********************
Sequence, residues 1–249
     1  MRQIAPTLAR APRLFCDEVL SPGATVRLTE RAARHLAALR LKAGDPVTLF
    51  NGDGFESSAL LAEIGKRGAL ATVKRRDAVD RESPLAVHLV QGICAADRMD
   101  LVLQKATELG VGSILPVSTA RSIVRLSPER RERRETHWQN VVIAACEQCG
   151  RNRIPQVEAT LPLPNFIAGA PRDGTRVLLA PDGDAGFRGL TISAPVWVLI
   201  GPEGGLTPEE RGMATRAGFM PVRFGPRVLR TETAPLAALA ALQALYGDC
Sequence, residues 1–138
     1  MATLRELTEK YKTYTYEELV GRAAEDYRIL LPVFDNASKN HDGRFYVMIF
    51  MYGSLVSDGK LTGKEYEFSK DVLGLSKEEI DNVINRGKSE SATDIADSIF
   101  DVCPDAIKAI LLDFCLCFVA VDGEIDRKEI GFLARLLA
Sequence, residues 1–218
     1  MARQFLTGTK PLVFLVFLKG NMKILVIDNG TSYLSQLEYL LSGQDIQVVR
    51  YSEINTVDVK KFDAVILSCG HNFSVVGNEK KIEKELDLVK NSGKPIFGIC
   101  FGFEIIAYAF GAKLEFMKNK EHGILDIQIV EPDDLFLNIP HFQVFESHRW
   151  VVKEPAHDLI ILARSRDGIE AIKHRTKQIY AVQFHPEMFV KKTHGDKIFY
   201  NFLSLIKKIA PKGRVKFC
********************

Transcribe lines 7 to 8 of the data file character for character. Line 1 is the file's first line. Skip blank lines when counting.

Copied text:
Sequence, residues 1–138
     1  MATLRELTEK YKTYTYEELV GRAAEDYRIL LPVFDNASKN HDGRFYVMIF